Security and compliance qualifications, like SOC 2 and ISO 27001, demonstrate that you apply good practices in your business.
They're often classified as "security" and thought of as the technical security of your systems. However, they're actually broader, with a focus on organisational practices that supports your security AND other objectives. That includes availability (system resilience), confidentiality of data, privacy for your users, integrity of the system processing objectives, scalable process design, and operational readiness to support large business customers.
What are the five reasons startups go for security and compliance certifications?
There are five reasons we see our clients pursue these certifications, in order of the prevalence we see them.
1. Enterprise sales: Large businesses looking to use your software, consider your product AND your capabilities as an organisation. These qualifications play an important role in demonstrating your business is "enterprise ready", providing a reliable service and keeping their data secure.
2. Tick-the-box for compliance mandates: Following enterprise sales, these qualifications often become mandates. Or they can be used to demonstrate compliance with regulations (eg. GDPR), to satisfy regulator requirements, or to participate in certain schemes (eg. Consumer Data Right's data sharing economy).
3. Reduce due diligence: A major pain point for software companies is the relentless due diligence that goes with serving enterprise customers. Hundreds, even thousands of "security questions", and vendor audits, are common. Standards like SOC 2 and ISO 27001 are designed to have a single independent audit process that satisfies broad end user requirements.
4. Improve operations: Standards are a means for improving your business operations. They're based on "good" or "best" industry practices. Auditors have a lot of experience seeing these applied in different environments and can guide you on applying them in your context.
5. Satisfy other stakeholders: Last but not least is a myriad of other stakeholders that are satisfied for similar reasons above. Investors, regulators, partners, Board's, the management team and even employees benefit from implementing and validating your alignment to standards. It provides peace of mind that you are secure, compliant, and provides clarity on what your key operational practices are.
Which standard is best for these goals?
Each standard has different requirements, nuances in how they are applied, and perceptions in the market. This impacts which may be best for your business and how they help you achieve the goals above. Our CXO Guide to Security and Compliance has a table of various standards and their applicability. We'll compare the most common two standards below.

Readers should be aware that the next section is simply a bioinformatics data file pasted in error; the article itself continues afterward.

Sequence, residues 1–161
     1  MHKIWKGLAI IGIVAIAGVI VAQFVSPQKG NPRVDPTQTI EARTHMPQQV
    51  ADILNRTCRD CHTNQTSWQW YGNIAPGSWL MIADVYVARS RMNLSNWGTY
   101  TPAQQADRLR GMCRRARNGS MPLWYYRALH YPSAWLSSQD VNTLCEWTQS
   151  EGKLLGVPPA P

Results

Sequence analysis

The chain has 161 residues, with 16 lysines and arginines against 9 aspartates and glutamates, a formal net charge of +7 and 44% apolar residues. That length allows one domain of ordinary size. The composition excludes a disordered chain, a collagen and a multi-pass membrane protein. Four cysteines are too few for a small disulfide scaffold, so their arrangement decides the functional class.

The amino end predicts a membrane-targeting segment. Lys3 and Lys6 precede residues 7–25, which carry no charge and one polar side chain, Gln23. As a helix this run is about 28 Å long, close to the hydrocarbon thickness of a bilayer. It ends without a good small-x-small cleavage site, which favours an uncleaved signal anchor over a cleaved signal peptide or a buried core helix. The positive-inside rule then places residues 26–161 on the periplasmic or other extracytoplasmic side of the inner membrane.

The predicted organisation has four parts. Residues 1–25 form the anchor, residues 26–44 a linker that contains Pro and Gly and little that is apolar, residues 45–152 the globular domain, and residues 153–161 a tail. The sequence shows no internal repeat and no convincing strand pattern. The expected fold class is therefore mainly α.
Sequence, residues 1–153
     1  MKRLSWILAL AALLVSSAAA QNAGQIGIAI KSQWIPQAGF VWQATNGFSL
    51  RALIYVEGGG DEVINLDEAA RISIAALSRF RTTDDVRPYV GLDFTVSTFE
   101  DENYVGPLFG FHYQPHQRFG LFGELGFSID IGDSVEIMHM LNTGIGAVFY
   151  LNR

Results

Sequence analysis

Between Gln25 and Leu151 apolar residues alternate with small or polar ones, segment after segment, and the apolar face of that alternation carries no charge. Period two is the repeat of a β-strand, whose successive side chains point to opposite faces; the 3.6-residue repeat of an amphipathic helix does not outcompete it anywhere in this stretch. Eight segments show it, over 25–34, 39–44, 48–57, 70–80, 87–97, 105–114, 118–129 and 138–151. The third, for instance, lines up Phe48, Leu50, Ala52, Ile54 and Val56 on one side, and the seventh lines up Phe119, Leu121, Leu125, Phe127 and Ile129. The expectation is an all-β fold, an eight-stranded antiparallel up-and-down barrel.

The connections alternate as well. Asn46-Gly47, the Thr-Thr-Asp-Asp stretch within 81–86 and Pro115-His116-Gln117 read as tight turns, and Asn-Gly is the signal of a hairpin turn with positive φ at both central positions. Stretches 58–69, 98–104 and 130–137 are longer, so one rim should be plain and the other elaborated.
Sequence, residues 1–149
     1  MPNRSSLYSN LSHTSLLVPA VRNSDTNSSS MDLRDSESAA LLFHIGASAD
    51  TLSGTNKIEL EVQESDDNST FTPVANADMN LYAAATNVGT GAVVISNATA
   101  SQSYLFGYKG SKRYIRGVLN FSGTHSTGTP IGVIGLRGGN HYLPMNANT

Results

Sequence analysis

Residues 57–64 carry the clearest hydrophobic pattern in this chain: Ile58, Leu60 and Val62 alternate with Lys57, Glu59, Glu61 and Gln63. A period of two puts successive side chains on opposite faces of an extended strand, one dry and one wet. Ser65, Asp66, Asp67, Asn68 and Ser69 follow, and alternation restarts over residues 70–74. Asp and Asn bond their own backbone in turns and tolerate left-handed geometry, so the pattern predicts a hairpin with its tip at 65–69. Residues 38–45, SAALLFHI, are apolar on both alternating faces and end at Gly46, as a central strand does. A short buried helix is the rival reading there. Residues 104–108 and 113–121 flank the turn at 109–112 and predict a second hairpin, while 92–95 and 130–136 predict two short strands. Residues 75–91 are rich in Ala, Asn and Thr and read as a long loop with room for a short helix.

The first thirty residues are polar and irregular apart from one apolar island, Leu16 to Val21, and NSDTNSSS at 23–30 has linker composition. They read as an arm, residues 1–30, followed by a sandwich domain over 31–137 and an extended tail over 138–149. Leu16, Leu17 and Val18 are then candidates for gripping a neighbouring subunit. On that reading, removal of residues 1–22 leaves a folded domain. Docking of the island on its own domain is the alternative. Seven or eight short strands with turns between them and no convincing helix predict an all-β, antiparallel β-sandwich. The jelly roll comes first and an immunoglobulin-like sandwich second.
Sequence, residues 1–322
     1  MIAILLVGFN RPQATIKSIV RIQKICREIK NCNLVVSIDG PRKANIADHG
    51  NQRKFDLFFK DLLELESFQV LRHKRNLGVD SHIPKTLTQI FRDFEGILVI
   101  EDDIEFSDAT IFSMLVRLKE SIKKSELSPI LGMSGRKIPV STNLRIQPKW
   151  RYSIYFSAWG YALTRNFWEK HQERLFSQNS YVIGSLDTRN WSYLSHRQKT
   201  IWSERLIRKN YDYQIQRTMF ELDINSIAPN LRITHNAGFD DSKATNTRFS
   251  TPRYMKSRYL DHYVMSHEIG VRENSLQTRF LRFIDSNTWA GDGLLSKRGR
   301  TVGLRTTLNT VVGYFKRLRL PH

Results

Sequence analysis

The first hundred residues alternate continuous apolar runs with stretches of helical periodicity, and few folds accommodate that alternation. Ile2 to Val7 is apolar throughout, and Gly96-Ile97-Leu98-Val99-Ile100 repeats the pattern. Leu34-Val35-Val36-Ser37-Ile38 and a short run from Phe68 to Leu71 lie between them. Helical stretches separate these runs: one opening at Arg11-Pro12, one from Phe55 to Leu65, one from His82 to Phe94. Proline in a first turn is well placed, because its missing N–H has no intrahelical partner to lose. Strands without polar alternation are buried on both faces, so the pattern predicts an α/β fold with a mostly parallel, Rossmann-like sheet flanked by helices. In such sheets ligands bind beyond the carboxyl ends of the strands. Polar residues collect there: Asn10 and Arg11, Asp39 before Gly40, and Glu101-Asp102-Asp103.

SOC 2 vs. ISO 27001
If your goal is enterprise sales or ticking the box on a mandate, then it's important to consider the preferred standard(s) of your customers. In general, more regulated industries (Finance, Healthcare) prefer the SOC standards. Less regulated customers generally prefer the ISO family of standards. SOC 2 is more prevalent in the US. ISO 27001 in Europe.
For reducing due diligence, the best standard is often linked to the last point. However, it's also important to consider that ISO 27001 provides a certificate only. SOC 2 reporting has a system description including the controls specific to your organisation, your system scope, third-party responsibilities, eg. AWS shared responsibility model, and your end users responsibilities when using your system. This reporting approach in SOC 2 helps answer more "questions" for the due diligence process. It helps your customers vendor risk teams to understand what's relevant, the associated risks of using your services, and how those risks are addressed in your specific practices.
When it comes to improving your operational practices, this is up to your organisation to pick the approach that "fits" best. The SOC 2 criteria-based approach is more flexible and focused on how the criteria is practically met in your specific context. Tech companies often see this as a better way to align the operating practices to their culture, size, scale and unique nature of their company. ISO 27001 is a more prescriptive approach aligned to a higher standard of practice, which puts more focus on policies and procedures. While some businesses feel this is more rigid and restrictive on their business, it can be advantageous and in some ways easier to follow a cross-industry, "best-practice" methodology.
Satisfying other stakeholders will depend on the specifics of what they are looking for assurance over. Regulators that require an "independent audit" of your technology, generally steer towards SOC 2. Partners generally prefer the standard they have adopted themselves or that their customers care more about. Employees and managements preference is based on which they feel "fits" best.
Whichever standard you choose initially, it's very common for tech companies in particular, to do both. The good news is, there's a lot of overlap. Customers are generally accepting if you have one of these, even if it's not their preferred. If they do require their preferred standard, they generally accept what you have in the immediate term and agree a period to achieve the other.